I was interviewed on October 22nd, 2013 by Edge, about being a queer writer. Read the original (with photos) here.
Nearly a decade ago, Hugh Ryan needed to make a career choice between artist or writer. Wisely he chose writing. Since then he’s become one of the most published LGBT (or ’queer,’ as he [...]
First published in Slate, October 18, 2013. Read the original here.
Someday, somewhere in Washington, D.C.—perhaps on the National Mall, kitty-corner across Maryland Avenue from the sinuous, sandy-colored Museum of the American Indian, or tucked behind the sprawling complex of the Natural History Museum—there may sit a National Lesbian, Gay, Bisexual, Transgender Museum. [...]
‘On The (Queer) Waterfront: Brooklyn Histories’: Pop-Up Museum Of Queer History’s Hugh Ryan On New Exhibit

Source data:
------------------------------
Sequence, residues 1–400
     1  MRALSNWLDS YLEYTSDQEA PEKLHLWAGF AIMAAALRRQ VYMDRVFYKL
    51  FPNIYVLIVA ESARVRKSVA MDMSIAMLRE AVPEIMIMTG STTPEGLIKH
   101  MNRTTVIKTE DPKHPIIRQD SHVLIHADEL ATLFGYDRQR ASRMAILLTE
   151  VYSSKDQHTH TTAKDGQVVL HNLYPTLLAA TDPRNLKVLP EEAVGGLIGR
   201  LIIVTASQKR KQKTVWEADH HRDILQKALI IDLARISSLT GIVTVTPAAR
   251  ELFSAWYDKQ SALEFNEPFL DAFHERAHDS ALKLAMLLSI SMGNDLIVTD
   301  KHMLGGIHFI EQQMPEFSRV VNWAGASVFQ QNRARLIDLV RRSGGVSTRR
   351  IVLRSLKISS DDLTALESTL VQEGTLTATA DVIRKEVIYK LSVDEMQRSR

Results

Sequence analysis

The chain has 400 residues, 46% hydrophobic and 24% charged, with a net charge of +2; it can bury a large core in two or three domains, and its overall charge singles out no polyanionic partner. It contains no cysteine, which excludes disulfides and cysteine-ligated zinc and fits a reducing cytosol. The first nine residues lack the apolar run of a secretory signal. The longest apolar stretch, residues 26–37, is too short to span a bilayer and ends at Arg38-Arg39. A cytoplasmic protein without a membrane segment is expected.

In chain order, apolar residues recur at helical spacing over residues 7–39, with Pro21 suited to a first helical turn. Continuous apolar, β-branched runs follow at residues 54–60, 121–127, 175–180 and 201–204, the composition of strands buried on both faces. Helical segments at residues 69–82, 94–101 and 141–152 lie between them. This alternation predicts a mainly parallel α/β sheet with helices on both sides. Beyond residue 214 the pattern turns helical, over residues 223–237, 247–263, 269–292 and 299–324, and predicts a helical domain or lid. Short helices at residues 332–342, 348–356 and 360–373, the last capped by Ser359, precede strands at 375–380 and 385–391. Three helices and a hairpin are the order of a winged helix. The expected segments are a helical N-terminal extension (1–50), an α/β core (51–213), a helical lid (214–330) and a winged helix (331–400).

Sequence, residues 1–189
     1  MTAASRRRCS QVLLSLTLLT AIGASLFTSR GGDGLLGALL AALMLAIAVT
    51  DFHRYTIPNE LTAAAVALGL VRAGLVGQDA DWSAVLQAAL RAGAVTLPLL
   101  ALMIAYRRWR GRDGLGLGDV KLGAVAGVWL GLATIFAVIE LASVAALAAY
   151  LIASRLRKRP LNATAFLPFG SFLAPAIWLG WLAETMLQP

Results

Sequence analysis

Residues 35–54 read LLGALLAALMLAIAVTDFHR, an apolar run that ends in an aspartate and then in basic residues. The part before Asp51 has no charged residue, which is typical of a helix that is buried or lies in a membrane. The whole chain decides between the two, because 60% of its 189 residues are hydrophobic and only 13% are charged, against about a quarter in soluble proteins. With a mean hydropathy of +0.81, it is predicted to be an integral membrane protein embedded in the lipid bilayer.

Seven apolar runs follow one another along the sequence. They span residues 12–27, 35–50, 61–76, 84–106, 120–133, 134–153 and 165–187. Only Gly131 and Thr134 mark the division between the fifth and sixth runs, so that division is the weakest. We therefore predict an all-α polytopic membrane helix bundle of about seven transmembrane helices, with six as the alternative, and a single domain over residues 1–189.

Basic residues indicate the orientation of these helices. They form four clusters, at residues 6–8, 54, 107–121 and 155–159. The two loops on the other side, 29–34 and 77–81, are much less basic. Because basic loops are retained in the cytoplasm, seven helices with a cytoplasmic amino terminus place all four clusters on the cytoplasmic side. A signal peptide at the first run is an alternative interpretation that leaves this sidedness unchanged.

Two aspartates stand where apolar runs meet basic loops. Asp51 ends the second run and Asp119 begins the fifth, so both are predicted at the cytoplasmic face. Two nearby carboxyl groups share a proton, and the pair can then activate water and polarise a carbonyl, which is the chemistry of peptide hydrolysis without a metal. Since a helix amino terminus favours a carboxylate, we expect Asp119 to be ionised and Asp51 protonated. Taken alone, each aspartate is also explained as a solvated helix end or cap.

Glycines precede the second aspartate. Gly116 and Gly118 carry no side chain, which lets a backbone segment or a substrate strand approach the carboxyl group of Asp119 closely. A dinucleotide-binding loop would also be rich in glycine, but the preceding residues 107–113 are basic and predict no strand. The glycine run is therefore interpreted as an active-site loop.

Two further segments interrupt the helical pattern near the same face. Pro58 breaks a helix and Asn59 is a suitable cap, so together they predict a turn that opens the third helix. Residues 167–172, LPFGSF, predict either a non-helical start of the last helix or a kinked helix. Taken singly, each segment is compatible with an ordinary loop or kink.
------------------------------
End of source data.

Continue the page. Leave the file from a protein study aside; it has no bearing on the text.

I was interviewed on October 8th, 2013 by the Huffington Post, about the Pop-Up Museum of Queer History’s Brooklyn show. Read the original (with photos) here.
“On the (Queer) Waterfront: Brooklyn Histories” kicked off this weekend, a unique and collaborative art and performance show curated by The Pop-Up Museum Of Queer History. A multifaceted intersection [...]
First published in The Daily Beast on August 25, 2013. Read the original (entitled “Real Racism: What Aaryn Gries Reveals about Reality TV”) here.
Aaryn Gries is a racist.
If you’ve watched CBS this summer, this isn’t new information about the twenty-two-year old Big Brother contestant. From saying that Korean-American houseguest Helen Kim should “go make some [...]
Originally aired on HuffPost Live on August 6, 2013.
I was invited to be part of a discussion about queer history on HuffPost Live, convened by the creators of the queer history app, Quist. Watch the full segment below.
First published in The New York Times, August 3, 2013. Read the original here.
THE New-York Historical Society’s current exhibition “AIDS in New York: The First Five Years” accomplishes a neat trick: it takes a black mark in New York City’s history — its homophobic, apathetic response to the early days of AIDS in the early [...]keep looking »